Developed hazardous waste management program for health care manufacturer with more than 30 facilities in the U.S. and Puerto Rico. This included the preparation of model Waste Analysis, Contingency, and Training Plans. Qualified and negotiated contracts with regional analytical laboratories to reduce waste analytical costs. Mr. Smith developed inspection protocols and conducted inspections of hazardous waste treatment and disposal facilities to minimize the disposal risks for the corporation.


Mr. Smith served as the Project manager for the RCRA closure of a hazardous waste storage area for a manufacturer of plastic resins. The facility's Closure Plan was revised to allow documentation of crack size in the concrete floor. Cores were then drilled through the concrete floor in only those areas with significant cracks, eliminating sampling in areas with "hairline cracks". Multiple sampling events were necessary to distinguish between impacted soil from the storage area and impacts from the facility's wastewater treatment plant. The delineation of separate plumes allowed the closure of the container storage area in a cost-effective manner.


Mr. Smith met with the state regulatory agency and negotiated an interpretation of the RCRA regulations, so that a wastewater treatment facility, which included a flow equalization basin, was not considered a RCRA surface impoundment. Although low pH wastewater was discharged to the equalization basin, the regulatory agency agreed with the interpretation that elementary neutralization was not a RCRA regulated activity. The company was then able to avoid the cost and regulatory complications of treating the equalization basin as a RCRA regulated unit and also avoided the issues associated with either obtaining a Part B permit for this basin or proceeding with RCRA Closure.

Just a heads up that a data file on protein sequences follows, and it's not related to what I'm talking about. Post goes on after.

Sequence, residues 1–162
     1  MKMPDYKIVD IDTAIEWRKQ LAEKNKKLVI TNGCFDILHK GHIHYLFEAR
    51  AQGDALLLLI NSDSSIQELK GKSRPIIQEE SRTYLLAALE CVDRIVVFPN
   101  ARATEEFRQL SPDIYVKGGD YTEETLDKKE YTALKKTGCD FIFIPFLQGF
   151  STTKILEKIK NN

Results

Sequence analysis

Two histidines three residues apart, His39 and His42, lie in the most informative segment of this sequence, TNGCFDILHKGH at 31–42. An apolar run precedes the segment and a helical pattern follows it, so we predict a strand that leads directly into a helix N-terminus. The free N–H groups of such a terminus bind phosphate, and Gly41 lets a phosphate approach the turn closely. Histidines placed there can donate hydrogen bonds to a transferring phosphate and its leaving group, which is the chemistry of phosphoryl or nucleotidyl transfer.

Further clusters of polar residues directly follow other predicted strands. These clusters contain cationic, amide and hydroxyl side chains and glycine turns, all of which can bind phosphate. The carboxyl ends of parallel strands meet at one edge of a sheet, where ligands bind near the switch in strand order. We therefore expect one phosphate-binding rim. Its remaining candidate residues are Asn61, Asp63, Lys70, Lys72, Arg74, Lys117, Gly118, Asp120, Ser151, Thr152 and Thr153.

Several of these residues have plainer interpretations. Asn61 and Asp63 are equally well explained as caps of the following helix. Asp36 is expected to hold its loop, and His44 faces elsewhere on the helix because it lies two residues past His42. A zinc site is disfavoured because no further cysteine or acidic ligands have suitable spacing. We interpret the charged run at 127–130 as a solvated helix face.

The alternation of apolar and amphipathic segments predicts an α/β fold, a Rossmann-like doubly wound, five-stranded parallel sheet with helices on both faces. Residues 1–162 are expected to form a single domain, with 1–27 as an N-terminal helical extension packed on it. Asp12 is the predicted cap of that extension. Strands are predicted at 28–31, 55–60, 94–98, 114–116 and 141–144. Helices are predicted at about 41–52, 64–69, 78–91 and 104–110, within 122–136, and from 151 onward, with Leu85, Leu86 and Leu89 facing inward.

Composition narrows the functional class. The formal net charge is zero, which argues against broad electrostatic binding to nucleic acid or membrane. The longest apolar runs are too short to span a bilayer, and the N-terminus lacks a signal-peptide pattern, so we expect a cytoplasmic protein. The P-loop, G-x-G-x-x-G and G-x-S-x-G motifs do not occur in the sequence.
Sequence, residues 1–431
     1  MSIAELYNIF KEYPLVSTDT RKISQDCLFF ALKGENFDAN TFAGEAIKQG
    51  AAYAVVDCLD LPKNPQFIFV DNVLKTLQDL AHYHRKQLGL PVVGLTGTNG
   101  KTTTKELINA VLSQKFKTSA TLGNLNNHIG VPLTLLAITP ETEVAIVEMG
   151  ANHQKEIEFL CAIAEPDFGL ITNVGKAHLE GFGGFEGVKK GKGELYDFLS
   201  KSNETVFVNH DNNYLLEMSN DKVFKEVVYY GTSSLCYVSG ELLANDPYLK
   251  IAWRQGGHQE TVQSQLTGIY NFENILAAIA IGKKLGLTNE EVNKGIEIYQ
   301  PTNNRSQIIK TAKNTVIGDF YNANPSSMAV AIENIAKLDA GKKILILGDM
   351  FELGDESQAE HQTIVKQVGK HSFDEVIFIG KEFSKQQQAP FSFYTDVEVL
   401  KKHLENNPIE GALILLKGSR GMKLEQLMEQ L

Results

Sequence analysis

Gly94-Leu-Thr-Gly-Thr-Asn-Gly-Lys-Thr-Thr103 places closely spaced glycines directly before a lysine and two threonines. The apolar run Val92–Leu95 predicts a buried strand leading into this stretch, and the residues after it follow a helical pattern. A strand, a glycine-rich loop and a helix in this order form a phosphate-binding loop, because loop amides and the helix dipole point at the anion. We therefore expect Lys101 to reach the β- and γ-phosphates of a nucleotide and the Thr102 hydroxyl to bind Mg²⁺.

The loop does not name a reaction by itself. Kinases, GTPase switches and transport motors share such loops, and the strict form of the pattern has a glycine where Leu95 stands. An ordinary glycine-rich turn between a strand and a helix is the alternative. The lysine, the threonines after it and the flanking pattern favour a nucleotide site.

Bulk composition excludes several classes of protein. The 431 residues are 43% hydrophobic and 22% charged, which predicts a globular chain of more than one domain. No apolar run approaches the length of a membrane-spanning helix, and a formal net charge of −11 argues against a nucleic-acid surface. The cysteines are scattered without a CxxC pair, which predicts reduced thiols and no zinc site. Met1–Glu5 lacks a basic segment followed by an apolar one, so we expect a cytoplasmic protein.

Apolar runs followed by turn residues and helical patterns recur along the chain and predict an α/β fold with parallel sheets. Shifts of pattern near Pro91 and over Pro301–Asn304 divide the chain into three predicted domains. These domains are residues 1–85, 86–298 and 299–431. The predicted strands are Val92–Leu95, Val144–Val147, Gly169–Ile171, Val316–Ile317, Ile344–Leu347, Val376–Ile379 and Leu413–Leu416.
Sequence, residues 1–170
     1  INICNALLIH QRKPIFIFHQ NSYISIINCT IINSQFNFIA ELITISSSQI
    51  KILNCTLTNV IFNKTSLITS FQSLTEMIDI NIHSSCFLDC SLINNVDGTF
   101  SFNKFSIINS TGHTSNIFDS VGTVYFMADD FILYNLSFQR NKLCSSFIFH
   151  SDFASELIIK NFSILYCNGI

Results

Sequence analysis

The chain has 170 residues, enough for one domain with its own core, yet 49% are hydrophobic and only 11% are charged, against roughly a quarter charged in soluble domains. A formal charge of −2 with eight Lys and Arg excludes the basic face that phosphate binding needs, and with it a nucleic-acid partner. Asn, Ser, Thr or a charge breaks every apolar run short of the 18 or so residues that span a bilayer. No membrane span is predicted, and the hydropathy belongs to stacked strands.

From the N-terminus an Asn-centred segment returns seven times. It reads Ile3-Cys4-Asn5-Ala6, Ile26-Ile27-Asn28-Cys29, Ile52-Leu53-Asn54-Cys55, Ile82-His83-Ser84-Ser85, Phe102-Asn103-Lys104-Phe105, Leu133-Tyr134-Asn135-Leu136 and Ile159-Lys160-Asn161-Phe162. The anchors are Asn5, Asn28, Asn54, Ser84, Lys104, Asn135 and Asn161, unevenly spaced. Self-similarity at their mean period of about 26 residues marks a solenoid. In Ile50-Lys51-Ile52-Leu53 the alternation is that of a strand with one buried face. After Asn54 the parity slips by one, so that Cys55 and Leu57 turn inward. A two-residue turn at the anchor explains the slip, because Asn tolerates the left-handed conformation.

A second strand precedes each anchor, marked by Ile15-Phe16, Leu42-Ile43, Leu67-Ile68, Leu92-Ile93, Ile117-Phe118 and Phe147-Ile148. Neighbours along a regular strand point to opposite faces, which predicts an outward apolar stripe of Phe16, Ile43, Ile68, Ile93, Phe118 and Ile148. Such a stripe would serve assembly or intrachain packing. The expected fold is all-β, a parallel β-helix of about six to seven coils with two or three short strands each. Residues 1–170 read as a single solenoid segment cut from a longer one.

Mr. Smith prepared the Part B permit modification for the installation of an on-site stabilization facility to allow treatment of 35,000 tons per year of hazardous waste in accordance with the "land ban" regulations. The treated waste was accumulated on-site until analytical data demonstrated the treated waste was acceptable for land disposal.

The stabilization facility included several tanks, the largest of which had a capacity of greater than 30,000 gallons. Mr. Smith reviewed the designs to insure the tanks complied with RCRA requirements for design, secondary containment, and monitoring. He oversaw the initial testing of these tanks and certified their integrity and secondary containment. Mr. Smith has performed the annual tightness testing required for these tanks.

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